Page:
The definition of "bass" saxhorn is not chiselled in stone, but most older french methods say: 3 piston=tenor, 4 piston=bariton, 5 piston=basse. This applies for Bb and C instruments.
    Agree to disagree? I own a 3 valve Couesnon Bb Bass. It is very distinct type of instrument with distinct attributes that distinguish it. It is clearly not a Baritone, and certainly not a Tenor. I could ramble for pages about this sort of thing, but I won't. I will say that I think it is a mistake for Wessex to produce the BR20 in small shank.
    Hobbyist. Collector. Oval rotary guy. Unpaid shill for Josef Klier mouthpieces.

  7. I think the definition of tenor, baritone and bass is made for the playable range, not for the playing charcteristics. The saxhorns mostly differ in the number of valves, not in bore and taper like the rotaries. But honestly the french people don't give anything on it, they simply call it "tuba". Same way they call oval rotary horns "saxhorn"...
    The small shank on the Wessex is just true to the french saxhorns, even my 5 valve Courtois 166 has only a medium shank (like the standard french c tuba). And with a long leadpipe and a large shank receiver you would need a bigger bore valve block and soon you will end up in the world of every-year-growing euphoniums.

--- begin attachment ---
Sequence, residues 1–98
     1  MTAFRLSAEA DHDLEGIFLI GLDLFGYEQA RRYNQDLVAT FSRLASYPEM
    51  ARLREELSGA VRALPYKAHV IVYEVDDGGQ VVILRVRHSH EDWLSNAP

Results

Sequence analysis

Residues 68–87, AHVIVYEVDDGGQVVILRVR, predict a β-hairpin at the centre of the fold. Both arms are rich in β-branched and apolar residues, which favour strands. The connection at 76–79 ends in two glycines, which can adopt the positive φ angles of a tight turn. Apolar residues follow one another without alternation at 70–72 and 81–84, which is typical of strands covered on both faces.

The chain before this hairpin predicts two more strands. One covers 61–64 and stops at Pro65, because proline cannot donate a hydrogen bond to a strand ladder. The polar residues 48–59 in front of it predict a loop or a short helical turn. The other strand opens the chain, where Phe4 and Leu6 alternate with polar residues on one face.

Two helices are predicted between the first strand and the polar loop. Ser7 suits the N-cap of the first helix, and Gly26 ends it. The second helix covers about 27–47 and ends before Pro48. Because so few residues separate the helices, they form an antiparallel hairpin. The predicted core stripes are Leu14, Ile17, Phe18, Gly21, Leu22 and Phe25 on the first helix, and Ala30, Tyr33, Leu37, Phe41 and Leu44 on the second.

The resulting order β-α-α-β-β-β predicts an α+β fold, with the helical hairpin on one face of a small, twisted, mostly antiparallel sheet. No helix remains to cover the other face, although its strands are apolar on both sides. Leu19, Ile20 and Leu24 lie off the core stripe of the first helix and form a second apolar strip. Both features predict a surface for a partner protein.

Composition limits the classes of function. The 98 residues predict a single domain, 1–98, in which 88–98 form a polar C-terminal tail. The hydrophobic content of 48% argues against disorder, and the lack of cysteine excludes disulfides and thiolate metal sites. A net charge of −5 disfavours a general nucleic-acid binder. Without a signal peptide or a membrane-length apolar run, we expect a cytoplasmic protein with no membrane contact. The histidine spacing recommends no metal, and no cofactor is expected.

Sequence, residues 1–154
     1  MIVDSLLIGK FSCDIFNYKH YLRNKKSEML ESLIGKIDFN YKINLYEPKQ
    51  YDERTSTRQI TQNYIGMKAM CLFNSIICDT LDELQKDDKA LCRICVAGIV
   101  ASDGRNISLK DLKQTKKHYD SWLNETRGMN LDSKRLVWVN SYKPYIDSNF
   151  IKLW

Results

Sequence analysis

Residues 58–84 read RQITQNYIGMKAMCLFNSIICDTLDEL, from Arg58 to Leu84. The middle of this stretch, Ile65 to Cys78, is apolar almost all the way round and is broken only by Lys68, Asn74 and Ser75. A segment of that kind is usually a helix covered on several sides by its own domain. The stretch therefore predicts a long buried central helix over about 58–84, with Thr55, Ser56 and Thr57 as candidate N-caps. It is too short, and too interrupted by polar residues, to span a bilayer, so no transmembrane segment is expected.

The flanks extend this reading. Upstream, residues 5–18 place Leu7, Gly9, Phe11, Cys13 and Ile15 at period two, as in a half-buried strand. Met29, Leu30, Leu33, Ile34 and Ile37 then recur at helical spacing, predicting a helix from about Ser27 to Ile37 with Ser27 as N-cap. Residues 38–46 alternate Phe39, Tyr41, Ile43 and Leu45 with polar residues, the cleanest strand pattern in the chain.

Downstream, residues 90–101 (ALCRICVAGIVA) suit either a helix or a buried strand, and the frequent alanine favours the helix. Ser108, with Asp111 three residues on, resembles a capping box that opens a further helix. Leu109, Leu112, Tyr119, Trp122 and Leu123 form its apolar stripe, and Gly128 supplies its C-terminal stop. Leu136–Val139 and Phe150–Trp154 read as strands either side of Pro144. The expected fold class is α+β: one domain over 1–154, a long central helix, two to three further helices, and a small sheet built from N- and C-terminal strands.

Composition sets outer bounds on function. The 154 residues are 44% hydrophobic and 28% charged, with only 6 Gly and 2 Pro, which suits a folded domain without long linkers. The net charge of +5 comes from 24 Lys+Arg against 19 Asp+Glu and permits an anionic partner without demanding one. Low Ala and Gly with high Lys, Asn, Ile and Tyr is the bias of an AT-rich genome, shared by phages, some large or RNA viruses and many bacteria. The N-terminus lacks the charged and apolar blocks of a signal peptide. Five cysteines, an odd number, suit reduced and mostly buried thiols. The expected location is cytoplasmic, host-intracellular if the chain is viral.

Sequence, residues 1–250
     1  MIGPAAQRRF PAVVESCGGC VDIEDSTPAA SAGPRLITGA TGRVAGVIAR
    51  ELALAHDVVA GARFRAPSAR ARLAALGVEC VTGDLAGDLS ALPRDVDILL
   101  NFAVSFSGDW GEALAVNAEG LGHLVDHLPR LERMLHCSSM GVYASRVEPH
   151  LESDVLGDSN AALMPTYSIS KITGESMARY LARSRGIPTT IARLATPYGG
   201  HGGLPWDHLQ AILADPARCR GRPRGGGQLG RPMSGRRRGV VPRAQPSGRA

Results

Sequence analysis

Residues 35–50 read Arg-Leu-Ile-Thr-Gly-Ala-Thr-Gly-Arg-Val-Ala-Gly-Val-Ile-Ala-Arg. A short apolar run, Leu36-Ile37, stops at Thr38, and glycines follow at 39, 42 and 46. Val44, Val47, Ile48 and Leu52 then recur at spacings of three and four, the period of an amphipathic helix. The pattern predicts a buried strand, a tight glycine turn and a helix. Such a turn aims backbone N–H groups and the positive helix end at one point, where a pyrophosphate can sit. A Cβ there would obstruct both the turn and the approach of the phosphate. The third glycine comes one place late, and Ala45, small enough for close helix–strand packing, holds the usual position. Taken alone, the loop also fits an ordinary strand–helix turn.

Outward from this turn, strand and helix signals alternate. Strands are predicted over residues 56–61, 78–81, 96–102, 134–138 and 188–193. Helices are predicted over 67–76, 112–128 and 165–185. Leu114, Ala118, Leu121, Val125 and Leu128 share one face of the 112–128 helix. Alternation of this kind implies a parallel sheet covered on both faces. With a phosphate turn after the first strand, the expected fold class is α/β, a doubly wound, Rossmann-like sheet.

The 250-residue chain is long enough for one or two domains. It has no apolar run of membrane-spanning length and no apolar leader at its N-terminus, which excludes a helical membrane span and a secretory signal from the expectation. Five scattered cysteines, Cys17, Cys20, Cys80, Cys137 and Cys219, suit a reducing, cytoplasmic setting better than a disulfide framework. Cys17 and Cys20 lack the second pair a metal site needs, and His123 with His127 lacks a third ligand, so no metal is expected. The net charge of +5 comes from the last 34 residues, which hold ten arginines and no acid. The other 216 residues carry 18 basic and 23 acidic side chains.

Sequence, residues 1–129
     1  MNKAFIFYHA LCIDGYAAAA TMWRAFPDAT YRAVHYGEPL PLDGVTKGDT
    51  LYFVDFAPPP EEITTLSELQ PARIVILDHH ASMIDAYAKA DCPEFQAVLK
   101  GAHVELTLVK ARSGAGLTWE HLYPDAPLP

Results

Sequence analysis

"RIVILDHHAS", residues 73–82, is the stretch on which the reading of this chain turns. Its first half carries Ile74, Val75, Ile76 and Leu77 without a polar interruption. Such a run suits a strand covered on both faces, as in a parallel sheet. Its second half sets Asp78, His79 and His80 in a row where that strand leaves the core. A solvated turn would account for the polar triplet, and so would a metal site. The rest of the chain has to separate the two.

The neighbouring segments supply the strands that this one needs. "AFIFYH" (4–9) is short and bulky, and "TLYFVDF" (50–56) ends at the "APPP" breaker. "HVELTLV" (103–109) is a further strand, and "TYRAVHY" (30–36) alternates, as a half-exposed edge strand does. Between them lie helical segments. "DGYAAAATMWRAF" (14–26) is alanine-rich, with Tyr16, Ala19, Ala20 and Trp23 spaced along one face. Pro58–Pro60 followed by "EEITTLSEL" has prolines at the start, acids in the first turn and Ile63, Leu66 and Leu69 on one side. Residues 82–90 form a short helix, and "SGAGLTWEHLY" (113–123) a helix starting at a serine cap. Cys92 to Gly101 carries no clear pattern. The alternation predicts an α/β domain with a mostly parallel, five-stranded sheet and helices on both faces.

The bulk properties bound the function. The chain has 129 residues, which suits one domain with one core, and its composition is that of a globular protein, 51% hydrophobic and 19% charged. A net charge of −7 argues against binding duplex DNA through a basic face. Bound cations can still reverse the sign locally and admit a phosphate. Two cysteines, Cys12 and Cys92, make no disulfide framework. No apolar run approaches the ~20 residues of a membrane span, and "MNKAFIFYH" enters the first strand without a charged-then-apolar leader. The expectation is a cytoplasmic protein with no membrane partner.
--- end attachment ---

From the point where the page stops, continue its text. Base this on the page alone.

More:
8. Quote Originally Posted by Snake Charmer View Post
    It is a copy of the Courtois 164 and not compensating. On the rear are valve crooks one and two, giving space for the main tuning slide on the front before entering the valves.

    The definition of "bass" saxhorn is not chiselled in stone, but most older french methods say: 3 piston=tenor, 4 piston=bariton, 5 piston=basse. This applies for Bb and C instruments.
    Iíll concede thatís itís not compensating. I didnít realize that it is a clone of the Courtois, or that Courtois sold more than one saxhorn model. I only knew of the Legend 366 compensating model. Though, I think having the amount of valves determine the instrument type isnít logical. The Courtois 164 is still sold as a bass saxhorn despite only having 4 valves.

  9. As I said, most french people don't care about. And some years ago they stopped the 166, which was a proper saxhorn basse. The 164 is a rock-solid horn with a great low register, but with four non compensated valves you reach chromatically down to C under the staff. B is missing, you can play it only with lipping up from pedal Bb (which works fine). And the range between Eb an pedal Bb is a bit compromised by not perfect fingering. With the 5 valves of the 166 you can play chromatically (and uncompromised)down to Ab one octave below the staff. This sounds more like a proper bass instrument!
    The original question of this thread was finding a horn for filling this gap without using a compensated euphonium (or the "modern" compensated saxhorns, Courtois 366 or Willson Willsax). For that the 4 valve saxhorn is not enough, unless you take a saxhorn contre-basse in Eb (in modern terms an Eb tuba). Or the "british" F tuba from Wessex or any old, slender F or Eb tuba.